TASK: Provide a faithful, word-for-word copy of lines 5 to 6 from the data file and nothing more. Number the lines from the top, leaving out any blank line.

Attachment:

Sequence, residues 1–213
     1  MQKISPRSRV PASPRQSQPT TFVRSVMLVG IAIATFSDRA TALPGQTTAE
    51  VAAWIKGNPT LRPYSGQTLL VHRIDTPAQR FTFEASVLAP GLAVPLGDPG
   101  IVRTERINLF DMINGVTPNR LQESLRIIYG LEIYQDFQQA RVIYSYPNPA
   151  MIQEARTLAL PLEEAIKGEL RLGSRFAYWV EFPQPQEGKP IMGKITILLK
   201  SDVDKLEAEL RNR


   151  MIQEARTLAL PLEEAIKGEL RLGSRFAYWV EFPQPQEGKP IMGKITILLK
   201  SDVDKLEAEL RNR